I was at a party today where I met a woman of Indian origin, AB, born and raised in the city in the US I currently live in. She spoke like an American but could get very well along with all the Indians. I asked her how it was to be raised here and told her that her answers could help me raise my soon-to-be-5 year old daughter, who was starting Kindergarten. She said it was hard at school that had only 4 Indian kids altogether in the entire school. So, her parents made sure she had a good cultural base by taking her to the Indian temple every Sunday, (where she played with other Indian kids) and by helping her get certified in Indian dance and music. She told me how surprised her desi husband (who was born and raised in India) was at her Indianness, when they first met.I asked her whether she fit in better with the Indians than Americans, she said yes. I thought that was atypical of American Born Indians.
Then I realised she was wearing a mangalsutra. I asked her whether she wears it everyday. She replied even though her husband would prefer it that way, she doesn’t because it doesn’t go well with the everyday (non-Indian) outfits. (I told her that I don’t wear it everyday because I feel I am much more than my marital status. But I wear it on my short trip to India in front relatives of my in-laws because I don’t want them to taunt my in-laws, who have no problem about how I dress).
She told us that she is trying to learn her husband’s language so that she will be able to teach their kids both languages and converse better with her in-laws and extended family. Another Indian friend pointed out that his Dad wants his fiancee to learn their mother-tongue to which I asked, “Is that a fair expectation?” To this, the American-born’s desi husband replied, “It’s easier for us at this age to learn languages than it is for parents. It might not be fair, but that’s how it is”, which AB summarized as “Life is not fair. We just go along with the flow”. I felt a certain defiance in his tone about what I was implying but AB seemed cool about the whole thing. He added that his parents might know English but his extended family is not so good at it, so his wife needs to learn his language in order to communicate. I just commented that the effort to communicate should come from both sides, to which AB strongly nodded and her husband didn’t really seem to object.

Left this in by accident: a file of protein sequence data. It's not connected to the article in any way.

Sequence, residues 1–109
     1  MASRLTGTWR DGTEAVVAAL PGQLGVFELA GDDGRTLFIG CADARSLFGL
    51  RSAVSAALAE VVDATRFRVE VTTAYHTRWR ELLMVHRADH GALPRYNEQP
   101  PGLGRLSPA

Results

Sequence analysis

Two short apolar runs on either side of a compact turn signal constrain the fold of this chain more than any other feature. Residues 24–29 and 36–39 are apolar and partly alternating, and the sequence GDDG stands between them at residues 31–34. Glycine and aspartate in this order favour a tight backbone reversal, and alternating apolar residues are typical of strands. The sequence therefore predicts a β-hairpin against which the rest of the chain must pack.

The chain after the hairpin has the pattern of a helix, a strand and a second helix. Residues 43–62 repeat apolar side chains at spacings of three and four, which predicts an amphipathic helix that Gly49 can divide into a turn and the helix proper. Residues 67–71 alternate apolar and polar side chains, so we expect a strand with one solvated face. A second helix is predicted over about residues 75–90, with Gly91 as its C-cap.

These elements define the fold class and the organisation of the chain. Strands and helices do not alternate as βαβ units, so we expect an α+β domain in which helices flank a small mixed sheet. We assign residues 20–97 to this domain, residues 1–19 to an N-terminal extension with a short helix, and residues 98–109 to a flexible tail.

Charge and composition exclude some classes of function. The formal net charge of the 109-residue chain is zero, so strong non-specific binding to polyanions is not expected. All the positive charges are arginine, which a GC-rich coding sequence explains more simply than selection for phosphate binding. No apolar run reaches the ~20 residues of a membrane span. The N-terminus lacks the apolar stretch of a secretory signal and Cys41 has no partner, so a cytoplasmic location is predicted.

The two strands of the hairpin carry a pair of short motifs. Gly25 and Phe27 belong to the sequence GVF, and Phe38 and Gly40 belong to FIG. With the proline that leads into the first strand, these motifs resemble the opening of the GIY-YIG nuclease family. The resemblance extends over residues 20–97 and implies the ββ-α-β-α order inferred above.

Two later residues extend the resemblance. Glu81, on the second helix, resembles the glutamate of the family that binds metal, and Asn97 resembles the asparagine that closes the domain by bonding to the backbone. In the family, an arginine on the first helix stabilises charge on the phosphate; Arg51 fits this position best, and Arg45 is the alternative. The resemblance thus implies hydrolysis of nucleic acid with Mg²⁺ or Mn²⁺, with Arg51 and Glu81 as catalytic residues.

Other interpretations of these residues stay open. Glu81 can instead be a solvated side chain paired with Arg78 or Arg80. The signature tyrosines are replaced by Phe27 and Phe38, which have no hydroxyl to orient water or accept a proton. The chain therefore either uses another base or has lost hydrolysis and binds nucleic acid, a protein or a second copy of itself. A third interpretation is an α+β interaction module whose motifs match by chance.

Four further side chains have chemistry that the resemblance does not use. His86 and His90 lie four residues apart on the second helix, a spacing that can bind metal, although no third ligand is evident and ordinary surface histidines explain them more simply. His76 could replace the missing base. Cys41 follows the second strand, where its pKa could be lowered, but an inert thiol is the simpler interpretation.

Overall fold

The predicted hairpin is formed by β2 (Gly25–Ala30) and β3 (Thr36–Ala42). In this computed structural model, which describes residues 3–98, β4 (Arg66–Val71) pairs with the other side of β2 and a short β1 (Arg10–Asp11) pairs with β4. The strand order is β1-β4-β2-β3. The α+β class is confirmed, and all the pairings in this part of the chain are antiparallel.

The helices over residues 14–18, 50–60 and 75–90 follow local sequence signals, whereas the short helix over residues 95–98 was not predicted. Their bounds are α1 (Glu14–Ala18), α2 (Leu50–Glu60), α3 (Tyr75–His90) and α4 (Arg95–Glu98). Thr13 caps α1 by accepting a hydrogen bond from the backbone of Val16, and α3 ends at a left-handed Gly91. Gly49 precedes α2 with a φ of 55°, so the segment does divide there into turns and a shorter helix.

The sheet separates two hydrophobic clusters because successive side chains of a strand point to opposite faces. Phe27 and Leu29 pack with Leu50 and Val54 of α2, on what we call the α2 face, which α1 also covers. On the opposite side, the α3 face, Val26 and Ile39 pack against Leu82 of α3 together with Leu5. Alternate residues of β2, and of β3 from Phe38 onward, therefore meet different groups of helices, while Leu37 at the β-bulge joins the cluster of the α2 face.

I am pretty sure the husband is gonna tell AB how ‘aaj-jkal ki ladkiyaan’ of India (that is me) are versus how good she is in spite of being raised in the US. I am just concerned that injustice will be done to her under the disguise of Indian values and she might accept it because she wants to belong somewhere (somewhere being the Indian community).
Now, here are my questions to my readers:
1. Is it possible to imbibe Indian culture in kids living outside India without supporting patriarchy?
2. Do kids get confused more when the Indian parents outside India tell them they can not do certain things (eat beef, date) because they are Indians?
3. Do Indian kids still feel they are different (based on how they look or their parents Indian accent) from the others even if their parents never say that to them or raise them any differently?
3. How do you raise a confident child with a sense of identity and belonging?
As a non-religious-but-spiritual, patriarchy-hating feminist , I often wonder about these questions. Can you raise your child to be proud of the Indian culture but despise patriarchy? Any inputs?